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By David Pan 

Jackson’s Cook looking to rewrite record books | Swimming


Last updated 1/20/2017 at Noon

Jackson’s Jonathan Cook has set some lofty goals for himself this season.

Successfully defending the two swimming titles he won at last year’s 4A state championships aren’t among them, though.

The reigning 200-yard individual medley and 100 breaststroke champion is more focused on setting meet and state records.

If Cook wins two more state titles, that’ll be OK too.

There’s a good reason why the Wolfpack junior is more concerned about times.

“You don’t want to focus on place. You want to focus on time because your place is determined by what other people go,” Cook said. “What other people go varies wildly year by year … A singular time doesn’t change.”

Having a certain time as his goal makes Cook continually strive to improve.

“It keeps me really motivated because for me to be able to achieve that time, I have to practice constantly and practice hard,” Cook said.

Cook won the 200 individual medley in 1:49.55 last year. The 4A meet record is 1:49.30 by Mercer Island’s Andy Lloyd in 1988 and the state record is 1:47.60 by Lakeside’s Abraham Devine in 2014. Cook already is about 2/10th of a second off the meet record.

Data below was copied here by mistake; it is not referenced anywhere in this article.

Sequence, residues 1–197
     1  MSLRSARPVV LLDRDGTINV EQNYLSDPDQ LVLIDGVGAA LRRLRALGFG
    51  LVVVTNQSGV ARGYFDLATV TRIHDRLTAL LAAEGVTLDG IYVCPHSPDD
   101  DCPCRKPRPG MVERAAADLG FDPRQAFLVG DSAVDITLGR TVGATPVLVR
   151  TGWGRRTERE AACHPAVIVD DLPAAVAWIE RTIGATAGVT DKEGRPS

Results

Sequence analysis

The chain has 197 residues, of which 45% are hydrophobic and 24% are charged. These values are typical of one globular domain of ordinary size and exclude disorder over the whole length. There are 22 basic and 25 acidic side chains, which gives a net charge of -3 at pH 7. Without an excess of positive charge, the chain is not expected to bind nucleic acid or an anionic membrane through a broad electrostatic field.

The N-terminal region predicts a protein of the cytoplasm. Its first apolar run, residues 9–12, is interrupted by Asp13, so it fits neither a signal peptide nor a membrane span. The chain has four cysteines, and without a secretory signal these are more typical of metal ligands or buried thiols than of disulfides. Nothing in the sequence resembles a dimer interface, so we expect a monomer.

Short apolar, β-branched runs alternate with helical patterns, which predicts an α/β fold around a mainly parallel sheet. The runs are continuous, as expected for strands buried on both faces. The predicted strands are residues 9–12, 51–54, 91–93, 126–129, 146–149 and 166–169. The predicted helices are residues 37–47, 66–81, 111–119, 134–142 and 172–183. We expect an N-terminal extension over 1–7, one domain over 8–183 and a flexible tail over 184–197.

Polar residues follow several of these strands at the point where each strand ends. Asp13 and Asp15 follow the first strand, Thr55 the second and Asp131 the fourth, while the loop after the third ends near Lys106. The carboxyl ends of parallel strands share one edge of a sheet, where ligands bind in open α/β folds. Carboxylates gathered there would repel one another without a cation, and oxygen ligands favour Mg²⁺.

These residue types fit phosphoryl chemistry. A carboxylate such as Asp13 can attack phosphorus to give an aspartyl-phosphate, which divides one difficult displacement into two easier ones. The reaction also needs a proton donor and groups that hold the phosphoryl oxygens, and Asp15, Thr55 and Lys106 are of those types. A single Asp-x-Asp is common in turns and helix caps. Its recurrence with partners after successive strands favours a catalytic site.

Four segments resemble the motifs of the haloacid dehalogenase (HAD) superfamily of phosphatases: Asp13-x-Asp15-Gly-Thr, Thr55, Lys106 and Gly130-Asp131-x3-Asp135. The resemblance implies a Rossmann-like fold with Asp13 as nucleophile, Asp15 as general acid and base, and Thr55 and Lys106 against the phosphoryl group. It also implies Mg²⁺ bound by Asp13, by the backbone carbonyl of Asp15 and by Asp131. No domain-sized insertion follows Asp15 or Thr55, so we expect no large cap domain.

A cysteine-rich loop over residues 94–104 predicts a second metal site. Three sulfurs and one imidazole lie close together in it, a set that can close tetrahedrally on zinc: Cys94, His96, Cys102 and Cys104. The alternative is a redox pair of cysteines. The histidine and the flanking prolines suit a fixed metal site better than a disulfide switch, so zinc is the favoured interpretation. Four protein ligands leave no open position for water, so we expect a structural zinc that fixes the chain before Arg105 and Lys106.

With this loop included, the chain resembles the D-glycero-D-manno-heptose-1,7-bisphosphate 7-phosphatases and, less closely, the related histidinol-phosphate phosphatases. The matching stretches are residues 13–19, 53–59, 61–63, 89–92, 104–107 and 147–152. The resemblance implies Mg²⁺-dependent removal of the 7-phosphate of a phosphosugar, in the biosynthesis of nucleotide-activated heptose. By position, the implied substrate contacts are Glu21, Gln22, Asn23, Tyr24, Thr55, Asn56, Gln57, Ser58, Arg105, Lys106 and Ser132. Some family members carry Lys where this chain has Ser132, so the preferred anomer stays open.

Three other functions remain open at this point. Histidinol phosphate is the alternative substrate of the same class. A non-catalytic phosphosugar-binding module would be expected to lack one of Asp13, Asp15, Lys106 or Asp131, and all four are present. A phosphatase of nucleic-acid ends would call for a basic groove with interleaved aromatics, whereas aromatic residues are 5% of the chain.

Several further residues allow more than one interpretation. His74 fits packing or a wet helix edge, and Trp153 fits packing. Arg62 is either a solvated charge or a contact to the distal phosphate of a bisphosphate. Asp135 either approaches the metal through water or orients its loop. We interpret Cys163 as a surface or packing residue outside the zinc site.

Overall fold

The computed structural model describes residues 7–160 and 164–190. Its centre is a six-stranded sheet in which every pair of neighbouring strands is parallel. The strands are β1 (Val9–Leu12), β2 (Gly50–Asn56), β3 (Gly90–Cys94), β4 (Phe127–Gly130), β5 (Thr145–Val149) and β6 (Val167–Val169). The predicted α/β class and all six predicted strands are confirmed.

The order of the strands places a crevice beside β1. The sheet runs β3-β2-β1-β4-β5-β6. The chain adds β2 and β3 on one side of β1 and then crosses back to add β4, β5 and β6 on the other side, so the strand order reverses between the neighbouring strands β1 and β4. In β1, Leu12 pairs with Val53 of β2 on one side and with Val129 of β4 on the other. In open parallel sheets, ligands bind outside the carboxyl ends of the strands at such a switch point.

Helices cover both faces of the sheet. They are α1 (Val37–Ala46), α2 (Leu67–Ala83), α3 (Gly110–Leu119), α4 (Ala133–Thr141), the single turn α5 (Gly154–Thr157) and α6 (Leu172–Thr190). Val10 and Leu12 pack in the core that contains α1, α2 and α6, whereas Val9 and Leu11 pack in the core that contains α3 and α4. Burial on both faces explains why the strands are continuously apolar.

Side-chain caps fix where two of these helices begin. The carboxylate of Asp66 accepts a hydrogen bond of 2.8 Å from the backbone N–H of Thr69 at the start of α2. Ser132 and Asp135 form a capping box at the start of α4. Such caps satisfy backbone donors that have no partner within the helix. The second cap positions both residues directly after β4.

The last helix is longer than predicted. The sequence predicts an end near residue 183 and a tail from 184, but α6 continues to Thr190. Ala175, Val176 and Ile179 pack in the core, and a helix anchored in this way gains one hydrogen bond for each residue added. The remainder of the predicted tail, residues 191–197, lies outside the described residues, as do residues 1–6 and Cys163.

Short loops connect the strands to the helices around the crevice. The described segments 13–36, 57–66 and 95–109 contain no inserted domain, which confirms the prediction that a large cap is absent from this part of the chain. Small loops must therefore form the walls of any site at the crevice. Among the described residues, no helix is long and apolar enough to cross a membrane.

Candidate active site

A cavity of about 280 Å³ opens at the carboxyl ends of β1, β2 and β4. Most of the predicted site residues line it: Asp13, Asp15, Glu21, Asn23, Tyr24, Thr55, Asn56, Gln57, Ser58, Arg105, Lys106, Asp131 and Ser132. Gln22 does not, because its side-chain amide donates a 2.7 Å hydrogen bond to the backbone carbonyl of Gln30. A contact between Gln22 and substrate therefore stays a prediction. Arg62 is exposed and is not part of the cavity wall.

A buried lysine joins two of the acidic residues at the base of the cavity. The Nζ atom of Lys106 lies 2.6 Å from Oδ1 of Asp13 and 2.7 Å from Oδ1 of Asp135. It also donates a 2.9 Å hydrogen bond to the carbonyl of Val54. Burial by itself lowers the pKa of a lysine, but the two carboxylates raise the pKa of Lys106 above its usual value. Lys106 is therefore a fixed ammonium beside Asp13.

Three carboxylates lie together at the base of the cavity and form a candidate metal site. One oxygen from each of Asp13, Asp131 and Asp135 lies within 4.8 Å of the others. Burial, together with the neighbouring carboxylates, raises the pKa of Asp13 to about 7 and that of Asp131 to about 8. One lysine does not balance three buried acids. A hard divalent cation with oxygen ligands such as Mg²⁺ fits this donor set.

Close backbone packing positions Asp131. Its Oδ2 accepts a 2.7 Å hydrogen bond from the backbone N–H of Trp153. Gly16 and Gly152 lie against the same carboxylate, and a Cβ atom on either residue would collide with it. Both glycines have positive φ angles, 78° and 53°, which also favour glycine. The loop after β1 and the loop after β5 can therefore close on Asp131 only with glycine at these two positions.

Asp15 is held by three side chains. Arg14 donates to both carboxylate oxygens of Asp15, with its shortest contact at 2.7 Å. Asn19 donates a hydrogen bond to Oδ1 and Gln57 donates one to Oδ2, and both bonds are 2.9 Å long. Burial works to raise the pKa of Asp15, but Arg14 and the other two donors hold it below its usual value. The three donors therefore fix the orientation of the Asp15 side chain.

The Jackson standout will also take a shot at the 100 breaststroke meet record of 54.49 by Snohomish’s Garren Riechel in 2009. Cook won last year’s 100 breaststroke in 56.08. His best time this year is about 4/10th of a second off the meet record and 1 second off the meet record.

“What’s nice about my lineup is that the IM is at the beginning of the meet and the breaststroke is at the end of the meet,” he said. “So I can get mentally focused for both.”

Jackson coach Drew Whorley likes what he’s seen of Cook this season.

“He’s excited to do some fast swimming,” Whorley said, “He’s swimming with a lot of confidence, which as a coach is what you want to see.”

Being in the pool is second nature for Cook, who started swimming at the West Coast Aquatics Center in Mill Creek in 2007.

“Some of the friends I had on that team, when I was 7, I’m still swimming with now,” Cook said. “It’s part of the reason I stayed.”

Cook truly feels at home when he’s in the pool, but sometimes when it’s cold out, it takes him a while to actually get into the pool. He’ll often stick his toe in the water and fuss with his goggles.

“It’s really not fun to get in the pool, especially during the winter,” Cook said. “So I spend a lot of time getting ready to get in the pool and once I’m in the pool, I’m at peace. I feel calm.”


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